Dunedin Aurora

A citizen science magnetic observatory in suburban Dunedin, New Zealand.

2020 Edition

About Dunedin Aurora

Dunedin Aurora began in 2015 as capstone project when we (Chris Campbell and Vaughn Malkin) were completing our Bachelor of Information Technology degree at Otago Polytechnic. We had the good fortune of meeting Dr Ian Griffin (Director of Otago Museum) who agreed to be our client – he’d just bought magnetic sensors (magnetometers) and he wanted them hooked up to the internet and watch for space weather that would cause an aurora.

Chris and I set to work, learn many things, broke stuff, but eventually produced a simple website that showed the state of space weather near Earth. We graduated as a result of this project. But unusually for a student project, Dunedin Aurora just kept going!

Since then Dunedin Aurora has evolved. We still monitor the Earth's magnetic field for changes caused by the impact of space weather, but we also track satellite data for information about the solar wind and the near-Earth space environment, and we process images of the sun to create an empirical forecast of likely space weather conditions - especially if they'll cause an aurora. Block layout of Dunedin Aurora


Local newspaper article - 2015.

Presentation given to Stargazers Weekend for North Otago Astronomical Society - 2018.

Presentation given to Stardate SI astronomy weekend - 2019.

Interview with local TV - 2019.

The Hardware and Software setup

For those interested in some of the technical details, Dunedin Aurora consists of:

Magnetometers and associated hardware
Magnetometers power the core functions at Dunedin Aurora. These devices measure tiny changes in the Earth's magnetic field. Space weather events literally impact our magnetic field, producing characteristics surges and pulsations that can be recorded and analysed.

We use a range of magnetometers, from the sophisticated Geometrics G-857 magnetometer owned by Otago Museum, to magnetometers on the GOES satellites, to reproductions of classical variometers, and an experimental 3 metre diameter induction coil. Variety is the spice of life and owning a range of hardware gives us quick access to data and resiliance to hardware failure!

Sky Camera
We have a camera that constantly monitors the southern sky. This is a ZWO Company, ASI 120 MC-S colour imaging camera fitted with a 4mm CCD camera lens. The camera lives in an enclosure with a heated window. We use SharpCap imaging software with customised python scripts to manage the image capture and upload to our website.
Radio Antennas for Ionospheric Monitoring
I'm currently experimenting with VLF loop antennas to monitor the behaviour of the ionosphere. This outer layer of the atmosphere is sensitive to the solar wind, diurnal change and solar flares. I'm also looking at the performance of GPS modules in relation to space weather and other ideas for monitoring the sun at radio frequencies.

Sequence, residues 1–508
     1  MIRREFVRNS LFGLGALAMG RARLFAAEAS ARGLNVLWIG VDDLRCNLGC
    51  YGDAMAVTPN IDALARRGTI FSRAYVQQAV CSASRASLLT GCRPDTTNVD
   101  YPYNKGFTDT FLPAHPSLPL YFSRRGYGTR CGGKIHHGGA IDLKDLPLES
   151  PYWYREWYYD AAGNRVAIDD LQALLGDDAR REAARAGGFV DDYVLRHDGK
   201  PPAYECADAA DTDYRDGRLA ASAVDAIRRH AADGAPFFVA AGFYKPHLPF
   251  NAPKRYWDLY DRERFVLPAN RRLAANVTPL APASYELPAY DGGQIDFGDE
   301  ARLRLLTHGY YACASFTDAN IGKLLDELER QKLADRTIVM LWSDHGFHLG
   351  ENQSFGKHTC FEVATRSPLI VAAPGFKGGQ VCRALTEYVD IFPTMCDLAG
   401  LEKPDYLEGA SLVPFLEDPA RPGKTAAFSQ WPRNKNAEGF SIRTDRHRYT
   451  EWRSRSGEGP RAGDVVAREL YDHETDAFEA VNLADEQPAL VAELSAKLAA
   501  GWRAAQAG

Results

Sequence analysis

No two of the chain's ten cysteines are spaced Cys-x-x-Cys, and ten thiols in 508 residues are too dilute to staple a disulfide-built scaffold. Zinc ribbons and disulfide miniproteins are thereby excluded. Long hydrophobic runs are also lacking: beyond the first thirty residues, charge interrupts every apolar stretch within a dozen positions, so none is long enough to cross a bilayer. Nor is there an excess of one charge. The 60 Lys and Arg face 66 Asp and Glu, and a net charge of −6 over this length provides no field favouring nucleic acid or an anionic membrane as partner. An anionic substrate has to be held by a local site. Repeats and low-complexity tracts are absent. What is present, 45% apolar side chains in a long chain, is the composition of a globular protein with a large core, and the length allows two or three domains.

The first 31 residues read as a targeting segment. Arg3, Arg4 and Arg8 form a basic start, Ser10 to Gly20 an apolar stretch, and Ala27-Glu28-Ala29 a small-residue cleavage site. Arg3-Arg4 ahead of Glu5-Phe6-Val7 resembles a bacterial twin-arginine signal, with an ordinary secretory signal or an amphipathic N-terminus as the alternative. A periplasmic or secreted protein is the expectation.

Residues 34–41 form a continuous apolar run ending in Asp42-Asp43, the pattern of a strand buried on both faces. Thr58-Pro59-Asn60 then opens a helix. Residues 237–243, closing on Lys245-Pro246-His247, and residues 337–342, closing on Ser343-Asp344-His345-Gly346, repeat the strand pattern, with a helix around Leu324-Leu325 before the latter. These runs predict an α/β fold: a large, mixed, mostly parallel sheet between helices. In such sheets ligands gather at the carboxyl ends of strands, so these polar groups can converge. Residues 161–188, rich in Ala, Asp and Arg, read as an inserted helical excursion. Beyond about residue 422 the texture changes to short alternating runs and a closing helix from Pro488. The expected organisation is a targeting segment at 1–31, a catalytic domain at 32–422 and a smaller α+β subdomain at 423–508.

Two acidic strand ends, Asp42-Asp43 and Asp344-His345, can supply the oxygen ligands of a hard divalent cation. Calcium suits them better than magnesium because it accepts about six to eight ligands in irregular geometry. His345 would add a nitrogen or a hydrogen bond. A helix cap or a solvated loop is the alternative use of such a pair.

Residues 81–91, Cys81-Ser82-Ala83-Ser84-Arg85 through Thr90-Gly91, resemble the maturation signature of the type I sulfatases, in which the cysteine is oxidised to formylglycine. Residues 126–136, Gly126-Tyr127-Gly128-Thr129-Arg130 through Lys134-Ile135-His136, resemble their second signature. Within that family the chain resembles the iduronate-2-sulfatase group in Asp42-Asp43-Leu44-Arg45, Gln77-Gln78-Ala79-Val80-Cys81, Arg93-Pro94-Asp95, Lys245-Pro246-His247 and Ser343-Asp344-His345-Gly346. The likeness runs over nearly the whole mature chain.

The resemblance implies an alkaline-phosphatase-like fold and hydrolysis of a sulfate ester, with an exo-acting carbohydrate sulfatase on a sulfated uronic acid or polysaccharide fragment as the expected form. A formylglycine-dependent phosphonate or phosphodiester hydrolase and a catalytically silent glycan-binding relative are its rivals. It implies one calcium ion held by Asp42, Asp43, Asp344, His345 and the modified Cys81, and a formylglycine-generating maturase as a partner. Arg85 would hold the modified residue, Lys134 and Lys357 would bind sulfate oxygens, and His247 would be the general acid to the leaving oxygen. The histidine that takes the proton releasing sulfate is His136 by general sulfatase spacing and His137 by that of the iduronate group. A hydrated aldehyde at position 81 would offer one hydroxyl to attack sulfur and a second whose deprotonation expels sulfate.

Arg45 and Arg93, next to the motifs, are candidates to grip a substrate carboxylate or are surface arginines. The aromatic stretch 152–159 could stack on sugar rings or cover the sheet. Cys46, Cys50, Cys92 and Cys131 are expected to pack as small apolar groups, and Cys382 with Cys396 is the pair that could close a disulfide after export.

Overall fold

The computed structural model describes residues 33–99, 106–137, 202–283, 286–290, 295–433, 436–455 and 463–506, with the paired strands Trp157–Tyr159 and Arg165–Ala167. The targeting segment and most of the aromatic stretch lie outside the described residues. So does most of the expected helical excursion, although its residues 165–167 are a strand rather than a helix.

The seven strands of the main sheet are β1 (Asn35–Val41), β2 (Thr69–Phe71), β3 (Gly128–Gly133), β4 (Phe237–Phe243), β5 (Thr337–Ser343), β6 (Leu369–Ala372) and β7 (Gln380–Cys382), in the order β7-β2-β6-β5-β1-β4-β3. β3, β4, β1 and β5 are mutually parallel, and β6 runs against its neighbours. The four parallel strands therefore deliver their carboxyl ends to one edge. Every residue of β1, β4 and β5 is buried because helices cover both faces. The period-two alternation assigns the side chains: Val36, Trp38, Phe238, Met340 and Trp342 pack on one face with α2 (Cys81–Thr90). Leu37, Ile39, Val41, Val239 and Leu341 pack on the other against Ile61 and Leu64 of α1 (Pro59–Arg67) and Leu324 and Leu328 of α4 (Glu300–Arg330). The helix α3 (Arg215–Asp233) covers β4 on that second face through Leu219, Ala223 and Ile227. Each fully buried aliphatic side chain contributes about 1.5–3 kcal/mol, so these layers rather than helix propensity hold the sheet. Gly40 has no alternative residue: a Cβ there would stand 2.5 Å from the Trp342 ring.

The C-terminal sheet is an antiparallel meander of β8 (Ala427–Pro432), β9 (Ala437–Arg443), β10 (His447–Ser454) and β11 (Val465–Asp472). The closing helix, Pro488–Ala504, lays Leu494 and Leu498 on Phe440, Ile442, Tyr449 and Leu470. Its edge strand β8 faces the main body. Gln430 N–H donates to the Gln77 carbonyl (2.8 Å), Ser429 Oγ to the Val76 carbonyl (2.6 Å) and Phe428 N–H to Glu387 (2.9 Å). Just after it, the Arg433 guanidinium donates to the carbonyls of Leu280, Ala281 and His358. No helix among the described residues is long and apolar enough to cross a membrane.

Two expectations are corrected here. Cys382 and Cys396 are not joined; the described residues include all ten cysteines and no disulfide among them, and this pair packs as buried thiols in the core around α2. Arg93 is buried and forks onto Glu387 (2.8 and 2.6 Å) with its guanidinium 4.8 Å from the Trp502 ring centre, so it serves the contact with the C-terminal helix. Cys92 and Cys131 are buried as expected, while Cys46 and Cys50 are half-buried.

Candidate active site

Website and Software
We use DigitalOcean to host a server which runs our website. This server also runs the custom software that grabs data from a range of sources, creates dynamic content for the website, provides some basic analysis and crunches stuff down into information that is useful to aurora watchers. We use Highcharts to generate the graphs and displays. For portability we use Python to write all our code.
Sadly, we dont actually own our own satellite, but we do make use of public domain satellite data and imagery. This is used to power our solar wind monitoring and forecasting. We also provide high resolution displays of GOES magnetometer data.
photo of the compost bins housing the magnetometers

The magnetometers live inside here, we promise.Copyright 2015 © Project Helios


Dunedin Aurora could not exist without the following people:

Dr Ian Griffin & Otago Museum
Ian is Director of Otago Museum. Ian was the original client for our degree project, but since then has continued to allow us to play with the Museum's toys. His energy and enthusiasm for all things sciencey and aurora-y (?) is astonishing!

Chris Campbell & Vaughn Malkin
Since graduating, Chris spends much of his time working miracles for the customers of a local wireless comms provider and gets his arm twisted to provide network and hardware support for Dunedin Aurora - plus he's the guy with a car!

Vaughn torments first year students by teaching I.T. at the local polytechnic, and is responsible for mushing together the background code that makes Dunedin Aurora tick. Occasionally things become unmushed.

Aurora Australis Facebook Group
A huge inspiration is the Aurora Australis Facebook group. The range of people interested in the art, science, and love of photographing the aurora and the night sky is a delight. We count ourselves lucky to be part of their ranks.